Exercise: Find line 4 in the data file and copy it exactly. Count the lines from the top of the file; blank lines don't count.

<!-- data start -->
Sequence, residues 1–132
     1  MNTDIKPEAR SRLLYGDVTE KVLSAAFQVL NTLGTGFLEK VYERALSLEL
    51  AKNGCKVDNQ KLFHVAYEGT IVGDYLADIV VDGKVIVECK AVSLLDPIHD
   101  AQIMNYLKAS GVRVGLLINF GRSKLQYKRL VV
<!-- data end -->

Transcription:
   101  AQIMNYLKAS GVRVGLLINF GRSKLQYKRL VV